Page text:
This article shows how the content of a WPF/MVVM TreeView can be saved and re-loaded with XML.
A recent article  on Reading and Writing XML in C#/VB.Net discussed different options for using XML in .Net. This article builds on this base and gives a practical example with a demo application that is similar to the Solution Explorer Tool Window in Visual Studio.
Using the code
You should be able to just download the attached sample, open the project in VS 2017 Community, restore nuget packages, compile, and run (use the Forum below, if you have any questions).
The following screenshot shows the main window of the demo application:
You can use the context menu (see above) to arrange the items in the tree view. Use the Save button (see below) to save the content of the tree view.
The application shows a standard Save dialog that contains 2 file pattern options:
Choose the *.solsqlite option, if you prefer a binary relational data format as discussed in . Choose the *.solxml option, if you want to save and load the contents of the tree view in good old plain XML.
Reloading data is implemented with the same workflow but using the Load button.
The sequence diagram below shows the workflow between the main objects participating in the interaction for saving the XML data:
The button click in
MainWindow.xaml invokes the bound
ICommand SaveSolutionCommand property in the
AppViewModel class, which in turn displays the standard file save dialog to let the user choose a file name, location, and the format.
AppViewModel.Save_SolutionCommand_Async() method then converts the viewmodel into a model as previously discussed for saving in the SQLite data format :
The resulting tree model (shown above) is composed out of internal classes only. That is, everyone outside of the
SolutionLibModels library can only use the associated interfaces and the
Factroy class to interact with these data items.
The converted model is then handed over to the
SolutionLibModels.Xml.Storage.WriteXmlToFile() method that implements the actual serialization via
public static void WriteXmlToFile(string filename, ISolutionModel rootModel)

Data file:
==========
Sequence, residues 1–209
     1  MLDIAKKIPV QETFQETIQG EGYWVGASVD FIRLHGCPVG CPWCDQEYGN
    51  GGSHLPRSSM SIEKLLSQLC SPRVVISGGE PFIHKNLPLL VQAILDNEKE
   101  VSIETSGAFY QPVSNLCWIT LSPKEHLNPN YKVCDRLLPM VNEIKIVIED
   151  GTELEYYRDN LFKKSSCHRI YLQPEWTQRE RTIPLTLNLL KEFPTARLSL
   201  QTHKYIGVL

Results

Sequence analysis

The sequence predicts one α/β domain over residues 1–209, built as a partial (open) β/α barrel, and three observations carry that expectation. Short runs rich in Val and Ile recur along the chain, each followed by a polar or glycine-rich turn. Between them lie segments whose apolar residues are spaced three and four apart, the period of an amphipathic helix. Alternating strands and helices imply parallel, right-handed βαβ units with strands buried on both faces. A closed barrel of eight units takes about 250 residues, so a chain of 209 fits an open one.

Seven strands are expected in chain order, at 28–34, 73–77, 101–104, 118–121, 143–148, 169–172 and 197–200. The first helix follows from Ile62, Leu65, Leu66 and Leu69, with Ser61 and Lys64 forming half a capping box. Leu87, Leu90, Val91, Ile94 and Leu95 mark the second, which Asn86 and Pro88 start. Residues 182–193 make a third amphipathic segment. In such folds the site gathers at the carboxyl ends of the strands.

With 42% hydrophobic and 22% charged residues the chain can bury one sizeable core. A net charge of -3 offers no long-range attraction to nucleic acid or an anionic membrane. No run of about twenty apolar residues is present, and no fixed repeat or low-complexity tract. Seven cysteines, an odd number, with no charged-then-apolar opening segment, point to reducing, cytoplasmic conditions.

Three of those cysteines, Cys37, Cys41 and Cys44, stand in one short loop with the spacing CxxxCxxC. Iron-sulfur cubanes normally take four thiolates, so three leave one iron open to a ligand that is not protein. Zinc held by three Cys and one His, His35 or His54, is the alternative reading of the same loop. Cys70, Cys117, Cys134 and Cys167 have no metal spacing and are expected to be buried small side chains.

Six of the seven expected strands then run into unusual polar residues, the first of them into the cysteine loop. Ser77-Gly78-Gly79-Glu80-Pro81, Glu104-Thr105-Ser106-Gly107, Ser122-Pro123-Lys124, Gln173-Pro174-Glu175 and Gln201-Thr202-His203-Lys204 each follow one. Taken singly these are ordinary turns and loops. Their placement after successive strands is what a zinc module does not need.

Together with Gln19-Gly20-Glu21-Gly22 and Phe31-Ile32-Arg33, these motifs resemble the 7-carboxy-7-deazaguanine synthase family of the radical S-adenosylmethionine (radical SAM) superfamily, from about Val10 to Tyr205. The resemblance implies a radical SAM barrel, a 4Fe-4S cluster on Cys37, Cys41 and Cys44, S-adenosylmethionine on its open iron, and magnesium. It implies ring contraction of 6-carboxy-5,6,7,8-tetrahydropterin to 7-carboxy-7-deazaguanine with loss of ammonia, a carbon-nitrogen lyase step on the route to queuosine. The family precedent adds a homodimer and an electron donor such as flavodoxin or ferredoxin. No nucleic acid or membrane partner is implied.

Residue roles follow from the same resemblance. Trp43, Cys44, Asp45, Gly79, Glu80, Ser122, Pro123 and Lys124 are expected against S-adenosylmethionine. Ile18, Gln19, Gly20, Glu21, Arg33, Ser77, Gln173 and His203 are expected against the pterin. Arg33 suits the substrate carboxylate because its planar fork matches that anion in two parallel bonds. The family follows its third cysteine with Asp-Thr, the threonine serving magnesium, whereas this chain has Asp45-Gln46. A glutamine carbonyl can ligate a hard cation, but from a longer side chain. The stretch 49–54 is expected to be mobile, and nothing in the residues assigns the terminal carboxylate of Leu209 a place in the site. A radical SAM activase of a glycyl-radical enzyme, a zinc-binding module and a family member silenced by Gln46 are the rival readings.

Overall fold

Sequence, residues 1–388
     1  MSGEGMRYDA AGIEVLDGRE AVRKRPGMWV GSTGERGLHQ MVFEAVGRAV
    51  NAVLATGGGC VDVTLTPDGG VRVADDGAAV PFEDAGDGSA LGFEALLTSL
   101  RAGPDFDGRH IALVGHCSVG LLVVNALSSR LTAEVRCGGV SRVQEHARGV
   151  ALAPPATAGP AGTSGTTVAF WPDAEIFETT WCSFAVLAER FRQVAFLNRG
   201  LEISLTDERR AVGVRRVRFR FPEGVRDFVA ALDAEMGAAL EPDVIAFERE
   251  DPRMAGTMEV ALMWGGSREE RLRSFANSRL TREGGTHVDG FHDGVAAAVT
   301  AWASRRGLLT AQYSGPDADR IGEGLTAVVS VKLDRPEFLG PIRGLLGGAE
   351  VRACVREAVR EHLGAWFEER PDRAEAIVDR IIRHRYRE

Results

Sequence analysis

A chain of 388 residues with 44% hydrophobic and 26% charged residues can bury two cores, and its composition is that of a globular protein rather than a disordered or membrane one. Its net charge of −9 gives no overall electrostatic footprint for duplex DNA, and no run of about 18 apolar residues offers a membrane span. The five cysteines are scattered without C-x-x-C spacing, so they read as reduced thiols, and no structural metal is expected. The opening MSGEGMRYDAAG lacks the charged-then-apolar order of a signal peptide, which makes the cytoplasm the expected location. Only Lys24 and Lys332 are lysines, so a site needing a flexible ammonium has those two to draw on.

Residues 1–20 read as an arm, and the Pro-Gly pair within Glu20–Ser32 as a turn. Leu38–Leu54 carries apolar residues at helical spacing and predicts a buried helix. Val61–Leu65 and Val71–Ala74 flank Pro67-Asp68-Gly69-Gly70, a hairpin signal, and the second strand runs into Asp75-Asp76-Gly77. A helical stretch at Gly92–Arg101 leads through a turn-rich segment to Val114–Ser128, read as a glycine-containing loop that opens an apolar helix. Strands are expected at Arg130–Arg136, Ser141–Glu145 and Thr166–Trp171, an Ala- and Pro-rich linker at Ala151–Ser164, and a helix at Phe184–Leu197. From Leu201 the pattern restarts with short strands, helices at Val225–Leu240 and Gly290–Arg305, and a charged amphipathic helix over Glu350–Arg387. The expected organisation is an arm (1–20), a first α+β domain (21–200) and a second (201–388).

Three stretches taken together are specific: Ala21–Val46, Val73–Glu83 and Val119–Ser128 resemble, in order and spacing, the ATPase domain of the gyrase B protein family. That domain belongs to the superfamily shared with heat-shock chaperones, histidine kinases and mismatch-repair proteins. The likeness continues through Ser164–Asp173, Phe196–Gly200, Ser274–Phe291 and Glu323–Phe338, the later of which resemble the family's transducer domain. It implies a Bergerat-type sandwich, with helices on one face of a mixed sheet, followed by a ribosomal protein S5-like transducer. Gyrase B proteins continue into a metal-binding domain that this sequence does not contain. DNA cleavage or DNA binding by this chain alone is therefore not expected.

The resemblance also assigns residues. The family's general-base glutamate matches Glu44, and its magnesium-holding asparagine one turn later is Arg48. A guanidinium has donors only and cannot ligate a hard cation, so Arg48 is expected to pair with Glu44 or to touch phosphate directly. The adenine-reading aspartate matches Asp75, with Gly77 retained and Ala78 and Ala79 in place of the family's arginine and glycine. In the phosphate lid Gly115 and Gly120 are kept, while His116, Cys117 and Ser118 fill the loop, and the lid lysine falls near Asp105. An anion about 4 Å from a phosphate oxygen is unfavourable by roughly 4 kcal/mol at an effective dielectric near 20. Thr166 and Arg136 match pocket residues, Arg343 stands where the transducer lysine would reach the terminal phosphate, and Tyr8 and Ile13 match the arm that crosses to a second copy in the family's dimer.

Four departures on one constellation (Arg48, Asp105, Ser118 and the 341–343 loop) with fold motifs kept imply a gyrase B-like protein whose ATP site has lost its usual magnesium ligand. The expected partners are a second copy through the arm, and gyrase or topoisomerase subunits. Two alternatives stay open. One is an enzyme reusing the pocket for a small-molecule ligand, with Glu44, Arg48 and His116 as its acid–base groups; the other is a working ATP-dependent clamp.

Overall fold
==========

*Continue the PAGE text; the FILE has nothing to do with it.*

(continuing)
XmlWriter xmlWriter = null;
var fileStream = new FileStream(filename, FileMode.Create);
xmlWriter = XmlWriter.Create(fileStream, new XmlWriterSettings
Indent = true,
IndentChars = " ",
CloseOutput = true
var dataContractSerializer = new DataContractSerializer(typeof(SolutionModel));
if (xmlWriter != null)
WriteXmlToFile() method is pretty much the same method that we have previously used to load and save XML  as shown in the DataContractSerializer_V1.zip sample. The above code in the
Storage class evaluates the
ModelRoot and sees the
IXmlSerializable interface. So, the
DataContractSerializer invoces the
ModelRoot.WriteXml() method and this invocations processes' all other
...WriteXml() methods of all other tree view items, if they are processed as previously discussed .
The result of the invocation of all the
IXmlSerializable methods is hopefully an XML file that should be loadable upon a click on the Load button.
The processing for the loading of the XML Data is very similar - so I leave the explicit explanation out of here.
The above sample also shows an interesting reason for the seemingly additional (useless) burden of having to convert between viewmodel and models. We note that the attached implementation does not have a direct reference from the viewmodel to an XML serializer and/or SQLite storage solution. These references are only visible on the library that implements the model. We can. thus, claim that the model/viemodel conversion ensure a separation of concerns, which in turm will ensure a healthy and simplified development of this code.
Thats it. This is pretty much what I wanted to say about loading and saving WPF tree view content via XML. The sample presented in this article implements the lessons learned from , so you should at least read the section about the DataContractSerializer_V1.zip sample in order to understand how the
IXmlSerializable interface works here (if you got lost). Otherwise, you are always welcome to leave feedback and ask questions if you feel like something important is missing or plain wrong.